Posted by Bill Ayres on Jul 31, 2021 6:00:00 AM

A reading from the Book of Exodus

(Chapter 16:12-15)

The Israelites were in abject slavery in Egypt, but the power of God freed them. Of course, they were grateful, but soon they were stuck in a barren desert and were starving. As bad as slavery in Egypt was, they at least had food, so they complained to Moses and Aaron, “But you had to lead us into the desert to make the whole community die of famine.” God responded to this complaint by sending the people food in the desert. We have no historical evidence about how that happened or what that food consisted of, but the point of the story is that God is the source if all life, including food.

Today, most of us are fortunate enough to be able to purchase our own food. Still, we need to remember that God is the ultimate source of our food and that we have an obligation to help those who are hungry in our community and beyond. It is not as though we have to do it by ourselves. There are several national and local anti-hunger organizations that do amazing work, including WhyHunger, a national organization that the late Harry Chapin (who died 40 years ago last month) and I co-founded in 1975. This and other organizations not only feed people but help them to get out of poverty which is the root cause of hunger.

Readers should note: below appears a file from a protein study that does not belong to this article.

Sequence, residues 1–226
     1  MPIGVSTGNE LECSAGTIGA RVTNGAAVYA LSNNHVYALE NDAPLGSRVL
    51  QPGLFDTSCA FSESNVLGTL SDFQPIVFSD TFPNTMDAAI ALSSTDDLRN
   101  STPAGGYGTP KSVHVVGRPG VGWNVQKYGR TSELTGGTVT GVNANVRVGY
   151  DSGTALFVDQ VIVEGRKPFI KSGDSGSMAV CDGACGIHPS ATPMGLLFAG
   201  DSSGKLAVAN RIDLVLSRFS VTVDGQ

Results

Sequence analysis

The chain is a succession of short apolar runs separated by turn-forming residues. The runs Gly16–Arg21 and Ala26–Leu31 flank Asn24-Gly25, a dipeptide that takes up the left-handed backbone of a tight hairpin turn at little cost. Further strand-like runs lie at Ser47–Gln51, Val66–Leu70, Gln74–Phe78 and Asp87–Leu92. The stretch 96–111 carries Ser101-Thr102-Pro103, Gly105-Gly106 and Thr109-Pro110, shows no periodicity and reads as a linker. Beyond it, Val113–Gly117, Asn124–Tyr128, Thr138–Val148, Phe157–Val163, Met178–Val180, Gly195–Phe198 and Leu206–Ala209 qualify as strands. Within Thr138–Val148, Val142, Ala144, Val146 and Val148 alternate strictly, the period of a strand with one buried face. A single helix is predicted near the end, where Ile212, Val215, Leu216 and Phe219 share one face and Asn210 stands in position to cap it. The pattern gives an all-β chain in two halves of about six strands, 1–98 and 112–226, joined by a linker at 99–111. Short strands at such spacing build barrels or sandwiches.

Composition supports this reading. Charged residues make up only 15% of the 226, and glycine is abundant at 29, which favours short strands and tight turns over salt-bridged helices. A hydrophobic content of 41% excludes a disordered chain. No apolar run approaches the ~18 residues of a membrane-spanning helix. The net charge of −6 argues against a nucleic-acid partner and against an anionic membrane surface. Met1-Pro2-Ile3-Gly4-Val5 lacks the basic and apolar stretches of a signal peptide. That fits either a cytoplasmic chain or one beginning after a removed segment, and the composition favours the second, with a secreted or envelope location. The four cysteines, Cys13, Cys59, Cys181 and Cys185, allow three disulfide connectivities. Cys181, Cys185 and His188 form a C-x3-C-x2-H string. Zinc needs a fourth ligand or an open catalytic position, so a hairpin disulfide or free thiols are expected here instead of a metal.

Responsorial Psalm

(Psalm 78)

“The Lord gave them bread from heaven.” When we participate in receiving the Eucharist we are indeed partaking of the bread of heaven. It is easy to forget that, but as we receive Communion, it is something to reflect on. Let the Eucharist nourish our spirits in hard times and in times of joy.

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Topics: celebration of the Eucharist, Reflections on the coming Sunday's Gospel, 18th Sunday in Ordinary Time, bread from heaven, RENEW International, Feeding the hungry

'Hear the Word!' by Bill Ayres: 17th Sunday in Ordinary Time

Posted by Bill Ayres on Jul 24, 2021 6:00:00 AM

A reading from the Second Book of Kings

(Chapter 4:42-44)

Hunger and poverty were rampant in the ancient world. Very few people were well fed, and in times of drought many starved. This is the society that we hear about in today’s reading from the second Book of Kings. Elisha was a great prophet, the successor to another great prophet, Elijah. One of the signs of a great prophet sent from God was the power to feed hungry people. Elisha had that power and so did Jesus; however, it was not that they would feed all the people all the time. That was the responsibility for the whole society, starting with the leaders. It still is today.